If the idea is to build off of the profiles, it might be good to make sure that the process to get set up as a new forum user works well and gives a good starting point. I’ve just created this account and hit several issues, not to mention struggling to give info which would be useful for a directory entry.

Firstly, the ‘sign up’ form doesn’t consistently use asterisks to indicate required fields. As well as country, sector and city, which are required and marked as such, full name, username and password are also needed but not marked as such. It’s nice for this to be clear so people can get the for filled in quickly and get on the forum with minimal friction, or, if lots of info for a profile is really needed, to make it clear what’s essential.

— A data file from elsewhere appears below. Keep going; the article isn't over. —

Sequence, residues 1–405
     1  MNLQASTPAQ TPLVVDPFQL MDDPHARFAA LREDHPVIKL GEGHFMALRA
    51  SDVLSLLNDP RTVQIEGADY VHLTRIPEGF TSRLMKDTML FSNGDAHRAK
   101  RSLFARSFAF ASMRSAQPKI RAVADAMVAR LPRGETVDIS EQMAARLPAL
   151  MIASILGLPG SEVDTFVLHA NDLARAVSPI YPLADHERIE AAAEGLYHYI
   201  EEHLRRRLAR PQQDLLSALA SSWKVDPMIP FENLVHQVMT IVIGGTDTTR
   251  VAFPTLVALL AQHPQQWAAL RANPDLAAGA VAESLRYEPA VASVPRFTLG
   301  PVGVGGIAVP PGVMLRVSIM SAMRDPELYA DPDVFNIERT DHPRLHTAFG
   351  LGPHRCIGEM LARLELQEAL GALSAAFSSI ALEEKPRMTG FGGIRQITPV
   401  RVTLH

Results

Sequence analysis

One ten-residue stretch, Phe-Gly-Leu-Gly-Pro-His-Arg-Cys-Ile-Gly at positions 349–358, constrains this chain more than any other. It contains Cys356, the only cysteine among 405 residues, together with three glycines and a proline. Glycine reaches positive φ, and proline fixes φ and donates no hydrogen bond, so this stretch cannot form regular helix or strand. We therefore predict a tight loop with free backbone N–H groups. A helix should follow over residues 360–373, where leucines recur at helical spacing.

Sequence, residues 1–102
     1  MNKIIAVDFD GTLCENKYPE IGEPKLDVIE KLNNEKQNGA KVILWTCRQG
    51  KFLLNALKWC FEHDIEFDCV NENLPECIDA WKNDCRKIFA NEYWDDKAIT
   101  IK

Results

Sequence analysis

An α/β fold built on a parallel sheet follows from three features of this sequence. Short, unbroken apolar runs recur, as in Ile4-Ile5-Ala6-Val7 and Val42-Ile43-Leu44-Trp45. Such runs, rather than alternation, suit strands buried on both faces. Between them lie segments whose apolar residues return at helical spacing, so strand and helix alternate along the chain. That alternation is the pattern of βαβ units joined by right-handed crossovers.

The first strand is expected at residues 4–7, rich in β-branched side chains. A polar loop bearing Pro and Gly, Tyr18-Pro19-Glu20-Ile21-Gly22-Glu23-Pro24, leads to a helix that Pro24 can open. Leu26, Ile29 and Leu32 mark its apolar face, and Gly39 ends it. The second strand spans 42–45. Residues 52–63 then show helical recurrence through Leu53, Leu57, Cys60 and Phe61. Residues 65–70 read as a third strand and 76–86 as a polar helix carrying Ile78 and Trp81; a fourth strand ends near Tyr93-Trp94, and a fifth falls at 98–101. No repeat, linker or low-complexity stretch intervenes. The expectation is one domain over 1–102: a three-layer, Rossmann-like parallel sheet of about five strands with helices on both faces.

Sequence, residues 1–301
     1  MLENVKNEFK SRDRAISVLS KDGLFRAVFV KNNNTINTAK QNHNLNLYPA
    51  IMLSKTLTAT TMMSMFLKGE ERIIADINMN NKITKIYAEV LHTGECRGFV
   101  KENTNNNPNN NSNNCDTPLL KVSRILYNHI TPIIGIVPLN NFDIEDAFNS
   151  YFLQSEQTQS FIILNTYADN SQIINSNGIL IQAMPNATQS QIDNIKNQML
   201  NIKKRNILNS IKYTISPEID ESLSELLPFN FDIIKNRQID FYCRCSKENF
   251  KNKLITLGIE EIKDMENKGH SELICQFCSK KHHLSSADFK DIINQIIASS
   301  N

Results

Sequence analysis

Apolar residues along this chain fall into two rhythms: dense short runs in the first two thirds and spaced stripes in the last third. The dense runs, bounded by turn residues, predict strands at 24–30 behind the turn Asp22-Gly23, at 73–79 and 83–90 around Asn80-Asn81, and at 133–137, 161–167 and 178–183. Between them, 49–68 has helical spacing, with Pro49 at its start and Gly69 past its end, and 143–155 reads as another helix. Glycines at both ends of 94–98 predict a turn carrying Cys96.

The error mode when you haven’t completed all the compulsory fields is a little subtle too - just a faintly greyed out “create new account” button and no indication of what you’ve done wrong or not completed.

“Sector” gives 4 options which are pretty limiting, especially for a compulsory field. They assume everyone has a professional sector (which someone who is studying, or unemployed, or retired, may not have), and they also only allow one sector to be selected, so folks who cut across organisational types won’t be represented. (true example: I am currently working for a university, for a nonprofit, and for a for-profit organisation at present). I’d suggest if this is an important bit of info, that it’s possible to select ‘none’ or ‘prefer not to say’, and ideally to allow people to select multiple sectors. I imagine in the Open Knowledge area there will be lots of people who cut across organisations, paid and voluntary work, and so on, who may not fit comfortably into boxes.